The Chancellor issued a further Treasury Direction in relation to the Coronavirus Job Retention Scheme (CJRS) on 25 June 2020 to include details of the flexible furlough scheme. The full Direction can be read here.
From 1 July to 31 October, employers are permitted to use the CJRS flexibly. This means the scheme enables part-work/part-furlough. Employers can claim under the scheme for time furloughed and will have to pay employees normally for time spent working.
Employers can only use the furlough scheme for an employee after 1 July if that employee was previously furloughed for at least three consecutive weeks before 30 June.
Further, from 1 July, employers cannot claim for more employees in a single claim than the maximum number claimed for in any period up to 30 June. This means if you made three claims between March and June for 50, 40 and 70 employees, the maximum number of employees you can claim for in any single claim starting on or after 1 July is 70 employees. That applies even if you have furloughed 160 individuals since March.
There are exceptions to this restriction on "new" furloughs where an employee is returning from family leave or is an armed forces reservist.
The financial support for employers will not change until 1 August 2020. From 1 August, employers will have to meet the cost of employer NICs and pension contributions. A contribution to employees' furlough wages will have to be made by employers from 1 September.
Reaching an agreement
There is scope to agree any pattern of flexible furlough and for any length of time until the scheme ends on 31 October. Personal circumstances of an employee may be a factor in considering working patterns, such as childcare or other caring commitments, or avoiding rush hour commutes.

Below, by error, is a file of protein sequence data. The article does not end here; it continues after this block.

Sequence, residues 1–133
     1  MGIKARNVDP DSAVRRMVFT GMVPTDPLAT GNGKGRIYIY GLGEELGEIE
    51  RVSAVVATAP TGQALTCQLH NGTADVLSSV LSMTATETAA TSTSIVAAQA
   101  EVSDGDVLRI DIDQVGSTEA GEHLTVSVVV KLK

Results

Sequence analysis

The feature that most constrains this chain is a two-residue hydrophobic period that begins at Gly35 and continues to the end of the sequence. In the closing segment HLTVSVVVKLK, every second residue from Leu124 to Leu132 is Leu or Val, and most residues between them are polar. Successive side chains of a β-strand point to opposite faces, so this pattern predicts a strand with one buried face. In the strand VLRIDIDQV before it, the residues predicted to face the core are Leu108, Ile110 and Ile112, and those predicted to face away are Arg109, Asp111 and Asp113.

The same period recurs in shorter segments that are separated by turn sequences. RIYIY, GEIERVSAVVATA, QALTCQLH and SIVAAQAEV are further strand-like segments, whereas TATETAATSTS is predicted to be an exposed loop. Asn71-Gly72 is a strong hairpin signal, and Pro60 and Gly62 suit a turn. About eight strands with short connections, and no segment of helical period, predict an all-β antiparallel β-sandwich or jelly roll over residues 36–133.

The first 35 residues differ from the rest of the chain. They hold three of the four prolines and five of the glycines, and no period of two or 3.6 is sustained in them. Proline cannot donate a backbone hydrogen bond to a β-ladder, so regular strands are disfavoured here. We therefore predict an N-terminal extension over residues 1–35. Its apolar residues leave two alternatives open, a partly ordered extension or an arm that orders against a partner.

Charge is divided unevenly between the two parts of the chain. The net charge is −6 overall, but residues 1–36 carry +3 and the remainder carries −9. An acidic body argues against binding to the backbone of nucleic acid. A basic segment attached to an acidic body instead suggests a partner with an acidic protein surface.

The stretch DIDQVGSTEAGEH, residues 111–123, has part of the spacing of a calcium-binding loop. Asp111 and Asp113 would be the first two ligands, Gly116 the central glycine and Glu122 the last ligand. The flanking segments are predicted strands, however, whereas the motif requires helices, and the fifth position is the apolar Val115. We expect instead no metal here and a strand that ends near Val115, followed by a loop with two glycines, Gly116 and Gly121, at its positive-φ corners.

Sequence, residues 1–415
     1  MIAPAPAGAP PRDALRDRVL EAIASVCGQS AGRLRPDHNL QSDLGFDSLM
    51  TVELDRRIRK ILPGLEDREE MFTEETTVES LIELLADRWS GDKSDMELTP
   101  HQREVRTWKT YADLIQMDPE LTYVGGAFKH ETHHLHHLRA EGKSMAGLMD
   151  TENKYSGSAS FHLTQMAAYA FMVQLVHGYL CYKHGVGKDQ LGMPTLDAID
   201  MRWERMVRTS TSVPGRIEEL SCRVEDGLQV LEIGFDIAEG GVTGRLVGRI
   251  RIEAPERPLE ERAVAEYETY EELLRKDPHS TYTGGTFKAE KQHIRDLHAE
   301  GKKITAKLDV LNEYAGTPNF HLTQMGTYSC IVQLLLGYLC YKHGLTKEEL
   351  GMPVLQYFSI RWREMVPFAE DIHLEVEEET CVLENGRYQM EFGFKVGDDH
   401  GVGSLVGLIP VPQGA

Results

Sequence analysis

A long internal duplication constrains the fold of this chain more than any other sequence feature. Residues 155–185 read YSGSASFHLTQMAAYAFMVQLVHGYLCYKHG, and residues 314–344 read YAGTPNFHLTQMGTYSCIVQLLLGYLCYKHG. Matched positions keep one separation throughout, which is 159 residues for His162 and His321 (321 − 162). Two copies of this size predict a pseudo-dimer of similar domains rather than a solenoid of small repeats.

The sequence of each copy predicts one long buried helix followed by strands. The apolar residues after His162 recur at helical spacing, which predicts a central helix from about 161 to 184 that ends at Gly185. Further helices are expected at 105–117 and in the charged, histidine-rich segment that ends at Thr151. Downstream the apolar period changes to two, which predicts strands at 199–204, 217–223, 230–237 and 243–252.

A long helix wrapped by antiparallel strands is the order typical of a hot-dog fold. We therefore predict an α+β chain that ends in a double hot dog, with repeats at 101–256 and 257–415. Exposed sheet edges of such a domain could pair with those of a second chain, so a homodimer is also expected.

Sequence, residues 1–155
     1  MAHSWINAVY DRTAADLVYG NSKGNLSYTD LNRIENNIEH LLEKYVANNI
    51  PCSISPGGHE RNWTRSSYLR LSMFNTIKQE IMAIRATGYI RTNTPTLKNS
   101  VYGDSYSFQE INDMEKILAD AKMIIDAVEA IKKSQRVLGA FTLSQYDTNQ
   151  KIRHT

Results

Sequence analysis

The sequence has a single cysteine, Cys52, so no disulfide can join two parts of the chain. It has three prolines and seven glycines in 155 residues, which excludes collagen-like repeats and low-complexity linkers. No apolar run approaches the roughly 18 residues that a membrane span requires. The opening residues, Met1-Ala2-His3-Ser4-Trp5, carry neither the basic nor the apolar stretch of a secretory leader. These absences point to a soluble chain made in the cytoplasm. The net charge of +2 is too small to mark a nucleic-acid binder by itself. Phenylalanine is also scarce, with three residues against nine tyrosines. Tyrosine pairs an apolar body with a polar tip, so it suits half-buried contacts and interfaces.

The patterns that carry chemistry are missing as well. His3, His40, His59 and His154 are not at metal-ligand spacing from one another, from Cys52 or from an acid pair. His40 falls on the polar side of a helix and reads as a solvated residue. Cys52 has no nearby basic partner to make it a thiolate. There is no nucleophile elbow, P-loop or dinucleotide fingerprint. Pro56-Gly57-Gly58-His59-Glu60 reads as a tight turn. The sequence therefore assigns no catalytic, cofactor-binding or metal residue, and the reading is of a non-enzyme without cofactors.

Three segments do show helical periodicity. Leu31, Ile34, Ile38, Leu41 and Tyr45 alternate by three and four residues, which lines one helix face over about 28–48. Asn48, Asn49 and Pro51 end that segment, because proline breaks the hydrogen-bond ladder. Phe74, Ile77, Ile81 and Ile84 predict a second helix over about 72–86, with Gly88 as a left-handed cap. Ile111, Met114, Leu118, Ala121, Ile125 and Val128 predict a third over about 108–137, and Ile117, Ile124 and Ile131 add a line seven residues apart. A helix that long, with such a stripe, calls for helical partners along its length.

The agreement must be made before the period of flexible furlough begins. The Direction clarifies that, once agreement is reached, it should be made or confirmed in writing. This can include an electronic record, such as email. The employer should retain a record of the agreement until at least 30 June 2025.The agreement should set out the main terms of the flexible furlough. In particular, it should specify the details of the agreed working arrangement, including when the employee will work and when they will be on furlough. This will be important, both for claims under the CJRS and in case of later disagreement with the employee.
Making a claim
Any claim in respect of the period before 30 June must be made by 31 July 2020.
From 1 July, the scheme is changing from month to month. Although more than one claim can be made in a month, a claim must start and end within the same calendar month and must relate to seven or more consecutive days. An exception to the seven-day claim period is made for "orphan periods" at the beginning or end of a month.
The Direction provides various examples of how to calculate employee wages based on usual hours and hours worked, to determine how much can be claimed under the CJRS.
The requirements are not straightforward and will have to be worked through carefully especially if the claim period does not align with a calendar month. To align with a calendar month, a furlough period may have to start mid-week. In all other cases (for example, if a furlough period started on Monday 6 July), the complex flexible furlough calculations will have to be undertaken. The government has worked through some examples and has updated its calculator on the gov.uk website to assist with hours calculations to claim the CJRS grant.
If you are considering bringing back your workforce part-time, we recommend you start planning and discussing with employees as soon as possible. Bear in mind that some employees will have childcare issues and others may be shielding, or live with someone who is shielding. The government expects employers to be understanding and flexible with employees in these situations.
Please refer to our previous post on flexible furlough for more details.